Class Oppression Among Artistic Expression

Paper by Jack Connell.

\With the consistent progressive nature of French politics and media, it is quite common that films introduce incredibly controversial and relevant topics in order to stir up the public opinion, and ensure that said controversial matters are widely discussed. Mathieu Kassovitz, a highly respected and well seasoned Parisian director, dedicated himself to exposing these controversial ideas, those being police brutality, the drastic effects of class division and the dangerous, though lively nature of life in impoverished areas of Paris. With the conception of La Haine (1995), or “Hatred,” it is quite evident that Kassovitz and his production team aimed to make a beautiful film that bridges the gap between extreme realism and symbolism. Within the film, the three protagonists, Vinz, Sayid and Hubert, who all happen to be different ethnicities that make up a vast majority of Parisian immigrants, wrestle with the concept of authority and identity within a world that is closed off to them, and split down the middle in terms of class. One scene in particular highlights this idea of class division, and takes place out of the protagonists’ element, in an art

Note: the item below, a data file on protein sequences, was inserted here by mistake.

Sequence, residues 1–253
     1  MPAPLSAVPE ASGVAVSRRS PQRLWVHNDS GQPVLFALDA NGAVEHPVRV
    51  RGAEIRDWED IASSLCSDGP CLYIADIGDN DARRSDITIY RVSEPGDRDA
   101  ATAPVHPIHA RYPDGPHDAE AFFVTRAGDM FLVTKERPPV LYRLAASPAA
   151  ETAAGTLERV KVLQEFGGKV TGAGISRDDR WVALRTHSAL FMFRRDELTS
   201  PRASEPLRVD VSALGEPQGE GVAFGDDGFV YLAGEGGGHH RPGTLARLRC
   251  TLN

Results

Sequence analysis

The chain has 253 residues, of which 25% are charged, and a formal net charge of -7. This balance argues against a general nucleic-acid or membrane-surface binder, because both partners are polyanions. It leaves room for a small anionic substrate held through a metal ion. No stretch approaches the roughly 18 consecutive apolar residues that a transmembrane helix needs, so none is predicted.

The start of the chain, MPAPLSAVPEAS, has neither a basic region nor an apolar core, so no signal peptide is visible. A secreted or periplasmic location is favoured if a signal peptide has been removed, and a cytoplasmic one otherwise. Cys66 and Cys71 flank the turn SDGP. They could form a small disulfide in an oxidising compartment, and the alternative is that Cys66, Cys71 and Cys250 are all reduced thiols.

Posted at 10am on 02/27/23 | 22 comments | Filed Under: Academic Papers, Films read on

Argo: The One-Sided

Paper by Lauren Musso.

The U.S. aided Iran’s previous Shah in his efforts to “westernize” Iran in exchange for oil supply. The Shah began implementing his economic and social reforms but also refusing political freedom and exiling anyone who opposed him. When his efforts were overthrown in a revolution, he fled Iran and was given asylum in the U.S. to receive proper treatment for his cancer. When the Prime Minister, Ayatollah Khomeini who was previously exiled by the Shah for opposing his ideals, returns to take over his position, he incites riots, anger and extreme anti-Americanism which led to the demand for the Shah to be returned and executed. With the U.S. refusal to abide by this request, the hostage crisis began. Ben Affleck’s film “Argo”(2012) tells the true story of the hostage crisis in Iran where Iranian militants invaded the U.S. embassy and took 66 American captive for 444 days. Six Americans were able to escape and given refuge by the Canadian Ambassador. Exfile specialist, Tony Mendez, is hired to rescue the six, posing as a Hollywood producer scouting locations in Iran with his “film crew” in an effort

Posted at 10am on 02/27/23 | 29 comments | Filed Under: Academic Papers, Films read on



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